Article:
Friday 31 December 2021

Top 10 books read in 2021

My favourite 10 books (in no particular order) of the 82 books I've read in 2021. 
  1. Elena Ferrante, My Brilliant Friend
  2. Naoise Dolan, Exciting Times
  3. Deborah Levy, Real Estate
  4. Avni Doshi, Burnt Sugar
  5. Banana Yoshimoto, Kitchen
  6. Vivian Gornick, Approaching Eye Level
  7. Caleb Azumah Nelson, Open Water
  8. Ali Smith, Summer
  9. Meiko Kawakami, Heaven
  10. Akwaeke Emezi, The Death of Vivek Oji
*Plus Keliler Roberts, Sunburning as my favourite graphic novel. 

Other memorable books include:
  1. Joshua Cohen, The Netanyahus
  2. Lynne Tillman, Weird Fucks
  3. Aoko Matsuda, Where the Wild Ladies Are
  4. Virginie Despantes, King Kong Theory 
  5. Olivia Laing, Everybody 
  6. Christopher DiRaddo, The Family Way
  7. Rachel Cusk, Second Place
  8. Mizuki Tsujimura, Lonely Castle in the Mirror
  9. Carmen Maria Machado, Her Body and other Parties
  10. Mariana Enriquez, The Dangers of Smoking in Bed 
  11. Douglas Stuart, Shuggie Bain
  12. Elena Savage, Blueberries: Essays Concerning Understanding 

Friday 17 December 2021

Olivia Laing, Everybody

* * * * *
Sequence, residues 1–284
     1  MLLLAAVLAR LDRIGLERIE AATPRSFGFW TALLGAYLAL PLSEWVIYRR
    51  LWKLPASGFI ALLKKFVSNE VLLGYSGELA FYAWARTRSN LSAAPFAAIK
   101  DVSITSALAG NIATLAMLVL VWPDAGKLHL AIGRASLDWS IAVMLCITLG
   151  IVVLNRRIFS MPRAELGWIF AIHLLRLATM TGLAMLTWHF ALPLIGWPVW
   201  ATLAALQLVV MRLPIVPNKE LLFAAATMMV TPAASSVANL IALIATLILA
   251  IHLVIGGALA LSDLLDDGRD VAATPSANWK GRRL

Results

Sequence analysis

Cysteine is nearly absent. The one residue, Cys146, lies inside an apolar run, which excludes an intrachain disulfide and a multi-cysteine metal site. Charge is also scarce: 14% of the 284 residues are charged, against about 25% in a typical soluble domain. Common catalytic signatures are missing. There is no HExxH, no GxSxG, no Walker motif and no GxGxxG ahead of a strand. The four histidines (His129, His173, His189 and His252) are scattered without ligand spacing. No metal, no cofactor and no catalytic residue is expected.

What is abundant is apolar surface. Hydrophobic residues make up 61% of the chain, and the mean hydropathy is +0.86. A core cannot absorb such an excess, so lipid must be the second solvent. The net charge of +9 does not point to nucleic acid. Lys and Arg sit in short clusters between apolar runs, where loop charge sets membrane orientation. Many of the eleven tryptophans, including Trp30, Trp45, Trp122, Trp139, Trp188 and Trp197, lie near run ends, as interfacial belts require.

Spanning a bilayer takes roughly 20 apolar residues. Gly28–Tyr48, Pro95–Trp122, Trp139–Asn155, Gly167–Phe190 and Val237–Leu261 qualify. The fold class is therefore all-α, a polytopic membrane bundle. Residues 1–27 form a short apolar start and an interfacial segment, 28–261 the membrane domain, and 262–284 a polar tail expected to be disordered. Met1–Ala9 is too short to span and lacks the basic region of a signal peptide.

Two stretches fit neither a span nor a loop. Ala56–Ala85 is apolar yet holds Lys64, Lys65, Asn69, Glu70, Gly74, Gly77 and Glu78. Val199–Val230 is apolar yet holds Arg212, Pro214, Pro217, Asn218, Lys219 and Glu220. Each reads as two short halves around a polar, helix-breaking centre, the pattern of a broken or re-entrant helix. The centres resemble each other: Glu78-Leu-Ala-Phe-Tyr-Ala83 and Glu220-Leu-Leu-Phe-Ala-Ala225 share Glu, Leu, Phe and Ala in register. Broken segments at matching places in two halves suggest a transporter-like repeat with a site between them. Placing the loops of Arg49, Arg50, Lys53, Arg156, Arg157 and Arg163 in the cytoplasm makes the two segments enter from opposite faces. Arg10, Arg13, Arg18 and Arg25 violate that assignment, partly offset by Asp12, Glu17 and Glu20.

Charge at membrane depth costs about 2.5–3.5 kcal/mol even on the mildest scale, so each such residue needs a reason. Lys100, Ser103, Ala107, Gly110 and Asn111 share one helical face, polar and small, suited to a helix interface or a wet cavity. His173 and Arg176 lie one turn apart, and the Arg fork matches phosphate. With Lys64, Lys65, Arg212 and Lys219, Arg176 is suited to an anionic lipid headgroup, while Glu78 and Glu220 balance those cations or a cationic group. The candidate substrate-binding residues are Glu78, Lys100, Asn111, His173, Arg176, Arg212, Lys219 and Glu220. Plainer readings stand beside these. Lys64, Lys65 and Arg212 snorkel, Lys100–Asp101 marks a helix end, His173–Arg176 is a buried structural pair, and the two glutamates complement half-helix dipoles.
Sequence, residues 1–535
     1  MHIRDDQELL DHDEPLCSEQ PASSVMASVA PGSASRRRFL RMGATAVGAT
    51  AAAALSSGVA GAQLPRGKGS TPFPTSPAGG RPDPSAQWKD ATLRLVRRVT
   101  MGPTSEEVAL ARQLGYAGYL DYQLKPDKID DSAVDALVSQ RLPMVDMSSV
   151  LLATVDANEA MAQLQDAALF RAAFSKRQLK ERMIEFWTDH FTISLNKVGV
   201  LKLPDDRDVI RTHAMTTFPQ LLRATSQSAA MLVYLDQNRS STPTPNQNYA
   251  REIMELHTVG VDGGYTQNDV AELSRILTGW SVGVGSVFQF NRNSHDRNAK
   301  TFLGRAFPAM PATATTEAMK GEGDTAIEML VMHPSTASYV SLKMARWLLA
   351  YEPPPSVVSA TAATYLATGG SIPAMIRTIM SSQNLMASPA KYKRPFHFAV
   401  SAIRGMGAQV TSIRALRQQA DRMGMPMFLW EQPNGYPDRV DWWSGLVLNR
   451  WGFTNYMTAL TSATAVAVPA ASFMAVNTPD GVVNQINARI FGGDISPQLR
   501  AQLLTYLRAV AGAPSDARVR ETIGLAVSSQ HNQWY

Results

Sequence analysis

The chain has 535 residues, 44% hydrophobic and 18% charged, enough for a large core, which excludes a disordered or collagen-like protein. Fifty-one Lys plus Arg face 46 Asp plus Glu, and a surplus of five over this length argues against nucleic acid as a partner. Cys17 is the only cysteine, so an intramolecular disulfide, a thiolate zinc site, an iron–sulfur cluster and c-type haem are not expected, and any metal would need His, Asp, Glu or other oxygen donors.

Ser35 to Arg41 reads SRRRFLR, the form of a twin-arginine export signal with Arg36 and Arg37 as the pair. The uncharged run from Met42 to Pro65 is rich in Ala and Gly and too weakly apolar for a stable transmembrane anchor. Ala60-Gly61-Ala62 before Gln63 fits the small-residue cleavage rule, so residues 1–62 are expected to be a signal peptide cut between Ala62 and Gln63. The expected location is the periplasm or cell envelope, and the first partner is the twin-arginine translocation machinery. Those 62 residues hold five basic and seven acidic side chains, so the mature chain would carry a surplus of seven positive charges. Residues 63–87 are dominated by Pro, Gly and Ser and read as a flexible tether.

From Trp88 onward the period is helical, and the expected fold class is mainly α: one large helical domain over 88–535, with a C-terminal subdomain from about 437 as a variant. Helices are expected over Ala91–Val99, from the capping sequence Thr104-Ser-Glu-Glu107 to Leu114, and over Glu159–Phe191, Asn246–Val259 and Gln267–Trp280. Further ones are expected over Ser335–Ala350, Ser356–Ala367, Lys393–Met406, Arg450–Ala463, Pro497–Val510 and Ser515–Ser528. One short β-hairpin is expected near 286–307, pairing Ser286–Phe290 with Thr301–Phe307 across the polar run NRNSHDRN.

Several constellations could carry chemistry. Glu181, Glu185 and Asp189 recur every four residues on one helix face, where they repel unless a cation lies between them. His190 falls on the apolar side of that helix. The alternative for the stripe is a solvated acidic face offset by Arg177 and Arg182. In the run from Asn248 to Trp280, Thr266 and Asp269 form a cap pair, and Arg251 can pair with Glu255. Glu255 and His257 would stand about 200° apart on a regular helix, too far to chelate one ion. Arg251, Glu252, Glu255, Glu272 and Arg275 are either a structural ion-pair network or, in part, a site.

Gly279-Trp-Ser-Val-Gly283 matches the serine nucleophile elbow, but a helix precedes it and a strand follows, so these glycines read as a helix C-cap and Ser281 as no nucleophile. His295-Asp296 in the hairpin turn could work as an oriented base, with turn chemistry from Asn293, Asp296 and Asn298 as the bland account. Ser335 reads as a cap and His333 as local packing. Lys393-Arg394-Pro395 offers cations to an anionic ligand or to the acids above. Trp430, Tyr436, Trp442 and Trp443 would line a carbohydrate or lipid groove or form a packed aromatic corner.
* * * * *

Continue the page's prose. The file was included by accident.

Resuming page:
This passage in Olivia Laing's book, Everybody, that describes how Montreal-born, Jewish artist Philip Guston felt about his abstract expressionist painting during the summer of riots following the murder of Martin Luther King Jr struck me as so familiar and so very similar to how I felt when I became disenchanted with academia midway through my PhD. In autumn 2017, during a 6 week research trip in Rochester, New York, I felt extremely conflicted about continuing to write my ongoing thesis on abstract photography questioning the good it would have on the world and what its impact would be beyond close knit and privileged academic circles. 

Since then, and having finished my PhD, I don't feel the same antagonisms towards academia, art history and abstraction (or at least not with the same zeal)—and as it happens, both Guston and Agnes Martin have been favourite artists of mine for some time—but reading this section reminded me of how at odds I felt my political drive and anger to be with my doctoral work. Having some space, and pursuing a career first in the charity sector and later at the Department for Education, I no longer feel this antipathy (which was always complex and multifold, paired with a deep love and admiration) of abstract art and do honestly feel that art remains a powerful political tool.